I returned to Mutundwe, where I grew up and I was elected RC1 while still residing in Gayaza. When election time for RC2 came, I was advised to stand in Gayaza where I resided and leave Mutundwe. So, I returned to Gayaza and successfully competed for RC1 again.
Than after one term, I was elected to RC2. I moved on to RC3 for the Nangabo sub-county.
You must have been so loved
No, the going was not smooth. At that time, people had not yet completely analysed the idea of Movement politics of no allegiance to any party. They (RC leaders) were so much embedded in there original party politics. So eventually, I proposed to those with whom we shared the same view of leadership that we resign and force the sub-county into fresh elections.
We did and that necessitated fresh elections. In the process, I got the opportunity to go to the National Leadership Institute, Kyankwanzi. When I came back, I went to greater Mpigi and was elected as it's chairperson (1986-1988). It is from this position that President Yoweri Museveni appointed me deputy minister of finance in charge of the Custodian Board in 1988.
I than became an ex-officio member of the National Resistance Council (NRC), which served as the parliament. When a decision was taken to expand the NRC, I stood for Kyadondo County and became an MP of the expanded NRC. I later stood in Makindye Ssabagabo for the Constituent Assembly (CA) elections and won.
Eventually, I became Minister of State for Justice and Constitutional Affairs as we were writing the 1995 Constitution. After the CA, I was elected MP for Makindye Ssabagabo. I was later appointed state minister for defence, after which I went back into private practice under Kavuma & Company Advocates. That firm later became Kavuma, Katureebe & Company Advocates.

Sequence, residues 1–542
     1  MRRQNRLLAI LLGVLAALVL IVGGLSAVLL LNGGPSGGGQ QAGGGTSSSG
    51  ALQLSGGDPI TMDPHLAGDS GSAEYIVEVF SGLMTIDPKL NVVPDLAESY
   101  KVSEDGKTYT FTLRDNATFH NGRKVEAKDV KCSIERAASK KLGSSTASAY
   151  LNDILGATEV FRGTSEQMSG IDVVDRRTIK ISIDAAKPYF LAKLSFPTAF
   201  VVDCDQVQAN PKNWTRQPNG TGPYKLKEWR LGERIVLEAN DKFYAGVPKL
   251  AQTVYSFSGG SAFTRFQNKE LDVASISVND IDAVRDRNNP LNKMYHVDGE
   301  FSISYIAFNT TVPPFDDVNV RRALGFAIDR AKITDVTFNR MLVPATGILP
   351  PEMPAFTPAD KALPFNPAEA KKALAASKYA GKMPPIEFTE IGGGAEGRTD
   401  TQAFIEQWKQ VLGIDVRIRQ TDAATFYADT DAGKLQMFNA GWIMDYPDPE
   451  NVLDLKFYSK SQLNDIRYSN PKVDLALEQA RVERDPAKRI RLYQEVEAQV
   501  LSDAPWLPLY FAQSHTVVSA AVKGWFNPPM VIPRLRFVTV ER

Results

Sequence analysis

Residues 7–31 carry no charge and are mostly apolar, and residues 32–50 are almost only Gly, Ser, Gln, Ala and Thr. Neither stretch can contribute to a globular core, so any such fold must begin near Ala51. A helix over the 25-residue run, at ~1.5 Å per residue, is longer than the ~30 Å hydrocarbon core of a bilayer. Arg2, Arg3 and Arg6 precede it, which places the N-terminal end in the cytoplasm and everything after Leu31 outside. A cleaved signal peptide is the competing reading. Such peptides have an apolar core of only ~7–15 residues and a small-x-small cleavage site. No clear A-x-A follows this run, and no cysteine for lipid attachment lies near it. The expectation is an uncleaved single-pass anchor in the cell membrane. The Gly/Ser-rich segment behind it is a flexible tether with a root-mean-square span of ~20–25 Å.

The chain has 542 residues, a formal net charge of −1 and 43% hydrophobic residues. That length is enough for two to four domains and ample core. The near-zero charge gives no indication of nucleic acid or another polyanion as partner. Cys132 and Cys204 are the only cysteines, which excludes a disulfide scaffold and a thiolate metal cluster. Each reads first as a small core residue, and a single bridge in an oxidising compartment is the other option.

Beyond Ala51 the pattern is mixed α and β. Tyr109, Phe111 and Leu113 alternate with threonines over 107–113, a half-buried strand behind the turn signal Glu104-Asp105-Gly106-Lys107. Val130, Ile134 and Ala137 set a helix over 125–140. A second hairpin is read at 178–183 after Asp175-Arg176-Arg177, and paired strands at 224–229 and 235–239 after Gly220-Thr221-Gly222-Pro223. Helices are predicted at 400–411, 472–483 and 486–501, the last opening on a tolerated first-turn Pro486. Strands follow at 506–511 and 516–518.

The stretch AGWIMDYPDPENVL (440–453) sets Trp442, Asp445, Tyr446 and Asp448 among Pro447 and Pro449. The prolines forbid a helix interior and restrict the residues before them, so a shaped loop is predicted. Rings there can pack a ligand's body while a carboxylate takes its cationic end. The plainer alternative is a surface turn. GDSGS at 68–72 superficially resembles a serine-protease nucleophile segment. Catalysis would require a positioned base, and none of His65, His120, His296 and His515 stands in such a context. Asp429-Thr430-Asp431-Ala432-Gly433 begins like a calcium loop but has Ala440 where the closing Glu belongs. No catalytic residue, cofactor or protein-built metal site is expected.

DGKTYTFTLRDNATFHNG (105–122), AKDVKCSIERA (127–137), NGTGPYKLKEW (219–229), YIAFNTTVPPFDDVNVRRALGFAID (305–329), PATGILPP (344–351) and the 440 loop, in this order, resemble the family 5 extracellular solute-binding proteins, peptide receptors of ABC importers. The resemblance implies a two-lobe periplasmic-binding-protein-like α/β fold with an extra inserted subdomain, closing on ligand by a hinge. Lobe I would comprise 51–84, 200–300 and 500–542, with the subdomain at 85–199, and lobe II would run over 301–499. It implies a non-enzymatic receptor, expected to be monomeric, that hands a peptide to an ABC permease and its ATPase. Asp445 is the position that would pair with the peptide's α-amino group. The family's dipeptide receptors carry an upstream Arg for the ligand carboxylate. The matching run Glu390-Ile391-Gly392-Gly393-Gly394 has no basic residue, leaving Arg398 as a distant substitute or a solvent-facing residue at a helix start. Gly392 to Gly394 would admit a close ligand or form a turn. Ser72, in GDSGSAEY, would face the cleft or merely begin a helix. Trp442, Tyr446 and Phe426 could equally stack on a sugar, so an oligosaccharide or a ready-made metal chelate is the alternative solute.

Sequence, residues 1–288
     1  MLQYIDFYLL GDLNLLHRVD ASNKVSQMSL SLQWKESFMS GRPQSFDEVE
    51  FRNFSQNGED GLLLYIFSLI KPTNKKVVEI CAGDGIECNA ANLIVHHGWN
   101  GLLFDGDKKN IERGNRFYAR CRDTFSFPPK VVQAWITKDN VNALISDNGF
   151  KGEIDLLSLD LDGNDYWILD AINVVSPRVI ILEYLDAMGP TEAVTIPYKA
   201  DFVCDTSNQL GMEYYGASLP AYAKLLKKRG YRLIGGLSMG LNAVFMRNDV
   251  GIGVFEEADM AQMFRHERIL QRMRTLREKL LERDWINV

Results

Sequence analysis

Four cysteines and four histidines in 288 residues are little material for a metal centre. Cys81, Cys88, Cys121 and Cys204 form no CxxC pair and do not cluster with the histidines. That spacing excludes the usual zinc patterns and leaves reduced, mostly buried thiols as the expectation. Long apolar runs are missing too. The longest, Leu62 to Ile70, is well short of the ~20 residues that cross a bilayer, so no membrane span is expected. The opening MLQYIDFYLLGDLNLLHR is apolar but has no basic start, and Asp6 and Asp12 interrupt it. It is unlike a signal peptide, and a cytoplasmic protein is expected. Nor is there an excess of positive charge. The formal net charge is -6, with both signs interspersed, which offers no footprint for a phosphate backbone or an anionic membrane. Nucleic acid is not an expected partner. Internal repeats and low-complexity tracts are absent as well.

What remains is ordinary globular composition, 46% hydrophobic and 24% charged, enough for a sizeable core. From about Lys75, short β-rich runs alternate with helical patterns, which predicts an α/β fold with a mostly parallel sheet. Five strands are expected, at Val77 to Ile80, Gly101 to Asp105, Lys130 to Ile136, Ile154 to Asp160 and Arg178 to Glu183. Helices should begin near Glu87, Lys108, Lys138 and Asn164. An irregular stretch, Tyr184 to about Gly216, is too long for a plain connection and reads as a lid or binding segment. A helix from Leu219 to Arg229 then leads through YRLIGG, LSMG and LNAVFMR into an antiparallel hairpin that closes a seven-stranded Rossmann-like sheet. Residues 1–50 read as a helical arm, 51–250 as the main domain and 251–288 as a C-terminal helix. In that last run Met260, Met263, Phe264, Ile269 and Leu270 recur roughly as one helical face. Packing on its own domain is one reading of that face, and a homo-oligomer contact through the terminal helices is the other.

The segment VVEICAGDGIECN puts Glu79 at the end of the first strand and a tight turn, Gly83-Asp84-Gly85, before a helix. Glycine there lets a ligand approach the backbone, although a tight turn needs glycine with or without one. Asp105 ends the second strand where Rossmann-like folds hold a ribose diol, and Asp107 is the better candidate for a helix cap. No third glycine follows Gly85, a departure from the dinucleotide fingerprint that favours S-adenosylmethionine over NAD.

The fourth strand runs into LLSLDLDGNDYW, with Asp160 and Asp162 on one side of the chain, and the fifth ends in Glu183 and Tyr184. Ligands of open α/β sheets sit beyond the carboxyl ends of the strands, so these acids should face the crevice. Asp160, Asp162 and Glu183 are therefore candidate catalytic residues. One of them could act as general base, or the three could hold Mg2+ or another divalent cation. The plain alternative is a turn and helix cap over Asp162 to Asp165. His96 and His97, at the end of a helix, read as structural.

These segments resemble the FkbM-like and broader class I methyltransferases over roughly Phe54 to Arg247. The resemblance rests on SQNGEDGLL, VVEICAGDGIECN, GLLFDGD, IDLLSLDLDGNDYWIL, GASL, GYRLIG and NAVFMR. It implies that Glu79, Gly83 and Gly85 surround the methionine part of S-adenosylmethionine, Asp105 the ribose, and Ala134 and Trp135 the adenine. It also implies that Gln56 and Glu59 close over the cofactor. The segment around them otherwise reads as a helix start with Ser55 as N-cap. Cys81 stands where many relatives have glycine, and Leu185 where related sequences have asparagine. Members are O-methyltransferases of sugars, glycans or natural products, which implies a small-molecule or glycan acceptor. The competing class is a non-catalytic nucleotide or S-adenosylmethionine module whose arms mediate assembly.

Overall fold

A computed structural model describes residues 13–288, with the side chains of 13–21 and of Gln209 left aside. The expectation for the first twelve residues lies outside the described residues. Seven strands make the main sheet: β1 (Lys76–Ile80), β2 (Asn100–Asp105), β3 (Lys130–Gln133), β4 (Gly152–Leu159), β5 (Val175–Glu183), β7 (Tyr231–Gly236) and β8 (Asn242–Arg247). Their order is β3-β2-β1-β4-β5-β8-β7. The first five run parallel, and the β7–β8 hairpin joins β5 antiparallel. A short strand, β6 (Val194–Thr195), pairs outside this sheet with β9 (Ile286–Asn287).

In 1996, I became Kyadondo South MP and in 1998, I was appointed the state minister for defence. After retirement from active politics, I was appointed to the Court of Appeal as a judge in 2004. I served the Judiciary until I retired.
Some people find it so hard to save for retirement. What can they do?
You should start saving for retirement the moment you begin working. Save a certain percentage of your income and invest it in safe areas because it is also not good to leave it on your bank account. Invest in safe areas so that when you leave this pay cheque of every month, there is something to start on, instead of just beginning on retirement package.
When you do it over the years, it becomes more meaningful, you get less pressure and less stress. You know those are some of the big killers. There was a man who was a manager at Uganda Commercial Bank before it was privatised in 2001. He retired but did not know what to do with the free time.
Because he had been used to working, he would drive from home every morning and park in the basement, get newspapers and read. At lunchtime, he would eat his food in the flask and wait for 5:00 pm or 6:00 pm to return home every day.
You can see that kind of life. Maybe if that chap was to stay in the house and the stress that comes with it, he would perhaps have suffered a heart attack. There is also alot of extravagance among people. When you have a well-paying job, you live beyond your means.
How did you save for retirement?
You cannot talk about the days of Idi Amin and later wars when we were younger. We would come to town after inquiring if it was safe and than leave the city by 3:00pm. That disrupted my plans for saving.
But had things been normal, I would have saved from the first day I started earning a salary. We did not have many of those opportunities at that time. That is why we even sent many of the children we got during that time to boarding schools.
Kavuma fact file